Businesses in Australia – even if you don’t have complex international financing arrangements – need to care about the Chevron decision.
Every corporate group undertakes related party transactions and the tax laws are littered with rules that try to deal with them. Trading stock, sale of depreciable assets, market value substitution provisions and remuneration of associates are some examples, but there are many others.
The tax issue in Chevron may well be transfer pricing, but the case provides real insight into how the ATO, and the Courts, approach dealing with tax outcomes of non-arm’s length related party transactions.
What is Chevron about?
In Chevron, the transaction was an intercompany loan. The tax dispute centred around the interest rate. Chevron applied a 9% interest rate on the basis that the loan was unsecured. However, Chevron had been able to raise the money for the loan at an interest rate of just 1.2%.
They now face a tax bill in excess of $1 billion after the Full Federal agreed with the ATO that the interest rate was excessive.
A key takeaway for all businesses is how the ATO and the Court approach determining an arm’s length interest rate for the loan.
Chevron had diligently identified the terms of the loan and had sought expert advice as to the appropriate interest rate to apply to a loan made on those terms.
In the view of the ATO and the Courts, this missed a critical step. Before considering the arm’s length price for a transaction, what is necessary is to consider the arm’s length terms for the transaction itself. If unrelated parties would not have undertaken the transaction on its terms, it is pointless to try and determine an arm’s length price for that transaction.
The Chevron arrangement involved the making of a substantial loan for a five-year term, but without financial covenants and without the provision of security. An unrelated party would have required both financial covenants and adequate security. The evidence indicated that the Chevron parent company would have provided a guarantee and would not have charged a fee to its Australian subsidiary to do so. The appropriate transaction to price was therefore a five-year loan, with financial covenants and supported by a parent company guarantee. The interest rate on this loan was well below the 9% being used by Chevron.
What do businesses in Australia need to be considering?
Clearly if you are transacting with overseas related parties, this case has direct application. For transactions between Australian entities, if there is a tax impact, then the same principles apply.
Take as an example transactions involving research and development activities or intellectual property.
It is not unusual for one member of a corporate group to contract another to undertake research and development activities on its behalf. A service fee may be paid, often calculated on a cost plus basis, with the margin being relatively limited. Some instances are even less formal, with a manufacturer or distributor of a product doing things which enhance the product, but not being recognised or rewarded for that work.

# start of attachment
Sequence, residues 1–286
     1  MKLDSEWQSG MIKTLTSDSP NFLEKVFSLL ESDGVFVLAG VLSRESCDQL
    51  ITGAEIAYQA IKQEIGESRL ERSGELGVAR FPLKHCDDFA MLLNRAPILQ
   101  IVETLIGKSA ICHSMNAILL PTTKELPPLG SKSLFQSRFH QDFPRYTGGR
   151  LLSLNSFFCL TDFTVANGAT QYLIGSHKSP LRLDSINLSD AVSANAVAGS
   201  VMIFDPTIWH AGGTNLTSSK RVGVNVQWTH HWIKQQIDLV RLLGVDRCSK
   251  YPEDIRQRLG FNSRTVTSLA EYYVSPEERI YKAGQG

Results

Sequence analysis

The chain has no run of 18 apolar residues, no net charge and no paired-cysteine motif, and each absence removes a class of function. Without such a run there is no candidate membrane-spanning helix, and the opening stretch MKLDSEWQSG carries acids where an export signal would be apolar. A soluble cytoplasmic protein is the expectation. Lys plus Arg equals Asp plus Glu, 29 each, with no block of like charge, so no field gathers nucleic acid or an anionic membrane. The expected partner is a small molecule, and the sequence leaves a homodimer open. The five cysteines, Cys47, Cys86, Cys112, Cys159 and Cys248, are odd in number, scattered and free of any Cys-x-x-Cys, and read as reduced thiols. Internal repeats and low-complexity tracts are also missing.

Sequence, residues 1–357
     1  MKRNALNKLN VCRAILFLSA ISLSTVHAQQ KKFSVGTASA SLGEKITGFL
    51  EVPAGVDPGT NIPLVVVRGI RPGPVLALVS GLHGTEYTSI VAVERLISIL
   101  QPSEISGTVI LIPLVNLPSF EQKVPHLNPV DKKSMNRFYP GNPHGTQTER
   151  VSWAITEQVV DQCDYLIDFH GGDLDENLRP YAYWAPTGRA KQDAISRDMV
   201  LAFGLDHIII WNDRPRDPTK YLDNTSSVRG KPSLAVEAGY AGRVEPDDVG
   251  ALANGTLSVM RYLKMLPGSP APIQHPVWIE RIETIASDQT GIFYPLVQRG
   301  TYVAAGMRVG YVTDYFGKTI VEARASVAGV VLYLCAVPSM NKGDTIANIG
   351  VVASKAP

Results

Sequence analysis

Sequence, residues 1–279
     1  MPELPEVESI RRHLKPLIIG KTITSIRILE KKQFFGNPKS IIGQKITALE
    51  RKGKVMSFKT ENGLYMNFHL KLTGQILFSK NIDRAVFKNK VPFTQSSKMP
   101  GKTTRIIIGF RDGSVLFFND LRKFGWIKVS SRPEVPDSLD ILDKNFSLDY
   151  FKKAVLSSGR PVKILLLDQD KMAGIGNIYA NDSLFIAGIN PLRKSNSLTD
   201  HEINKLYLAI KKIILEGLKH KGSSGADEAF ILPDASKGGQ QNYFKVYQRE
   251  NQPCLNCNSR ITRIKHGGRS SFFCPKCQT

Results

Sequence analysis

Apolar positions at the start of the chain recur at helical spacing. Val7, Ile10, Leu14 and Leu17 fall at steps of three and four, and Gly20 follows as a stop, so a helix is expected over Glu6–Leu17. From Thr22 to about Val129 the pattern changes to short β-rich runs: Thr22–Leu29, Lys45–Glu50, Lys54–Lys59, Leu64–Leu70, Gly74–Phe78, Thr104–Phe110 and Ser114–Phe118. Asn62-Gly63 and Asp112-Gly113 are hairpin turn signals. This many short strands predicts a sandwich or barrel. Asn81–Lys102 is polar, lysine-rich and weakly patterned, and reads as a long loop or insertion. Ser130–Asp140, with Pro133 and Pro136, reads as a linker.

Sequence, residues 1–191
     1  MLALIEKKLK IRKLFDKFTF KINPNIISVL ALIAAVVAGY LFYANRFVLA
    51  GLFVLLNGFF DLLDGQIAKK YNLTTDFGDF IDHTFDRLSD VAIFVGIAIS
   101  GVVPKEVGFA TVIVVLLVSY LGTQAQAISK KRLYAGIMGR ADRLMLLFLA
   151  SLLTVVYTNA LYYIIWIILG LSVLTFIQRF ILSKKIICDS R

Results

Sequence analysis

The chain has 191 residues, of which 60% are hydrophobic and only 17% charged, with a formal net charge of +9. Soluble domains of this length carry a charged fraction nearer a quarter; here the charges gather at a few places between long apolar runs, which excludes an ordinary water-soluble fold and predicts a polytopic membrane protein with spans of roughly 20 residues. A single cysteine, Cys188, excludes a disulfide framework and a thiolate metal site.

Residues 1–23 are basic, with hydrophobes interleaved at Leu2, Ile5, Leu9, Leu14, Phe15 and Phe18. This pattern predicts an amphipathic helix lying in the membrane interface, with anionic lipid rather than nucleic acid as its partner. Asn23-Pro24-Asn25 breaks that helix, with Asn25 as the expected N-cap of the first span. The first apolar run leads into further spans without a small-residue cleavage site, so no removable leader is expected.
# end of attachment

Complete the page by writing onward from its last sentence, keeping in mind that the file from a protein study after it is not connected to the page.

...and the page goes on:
In other cases one party will develop intellectual property and then will transfer ownership (through a sale, an exclusive perpetual licence or otherwise) to an associate. A value will be struck for the transaction, but for IP that is yet to be commercialised, this value rarely provides the seller with a significant profit or upside.
These types of transactions are driven by a range of factors, with tax consideration being one of them. The focus, from a tax perspective, has historically been on ensuring that the transactions is priced at a market value. If an independent valuer concludes that the current value of the IP is approximately the same as the costs incurred to develop it, then that is the market value and the tax consequences (or lack thereof) are just a natural outcome of the transaction.
The decision in Chevron would question this. Having invested the time and effort to develop IP, would a business be prepared to sell it to a third party before its commercial potential has been realised in a transaction where the business generates little (or no) profit? Potentially not.
There are numerous other related party transactions where a similar issue could arise. If the transaction is between related parties and it has a material tax impact, merely pricing the transaction at a market value may not be enough. There’s a threshold question that needs to be addressed – would unrelated parties actually do this transaction? If they wouldn’t, then the pricing of the transaction needs to be adjusted to reflect the impact of the non-arm’s length terms and conditions.
The Chevron decision has been appealed to the High Court. If the High Court rules in the ATO’s favour, expect a lot more scrutiny of non-arm’s length transactions. Even if the High Court overturns this decision, it is clear that the ATO is focused on tackling inappropriate tax outcomes from non-arm’s length transactions, so all business will need to carry out extra diligence.